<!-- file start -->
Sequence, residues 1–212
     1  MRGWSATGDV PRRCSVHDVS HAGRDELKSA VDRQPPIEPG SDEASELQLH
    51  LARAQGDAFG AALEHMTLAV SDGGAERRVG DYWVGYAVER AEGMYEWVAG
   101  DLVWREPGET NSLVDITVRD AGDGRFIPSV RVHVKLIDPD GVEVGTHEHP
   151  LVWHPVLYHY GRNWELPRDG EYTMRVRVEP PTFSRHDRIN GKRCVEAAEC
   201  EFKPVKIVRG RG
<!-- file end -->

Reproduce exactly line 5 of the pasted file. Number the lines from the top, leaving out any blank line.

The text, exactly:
   151  LVWHPVLYHY GRNWELPRDG EYTMRVRVEP PTFSRHDRIN GKRCVEAAEC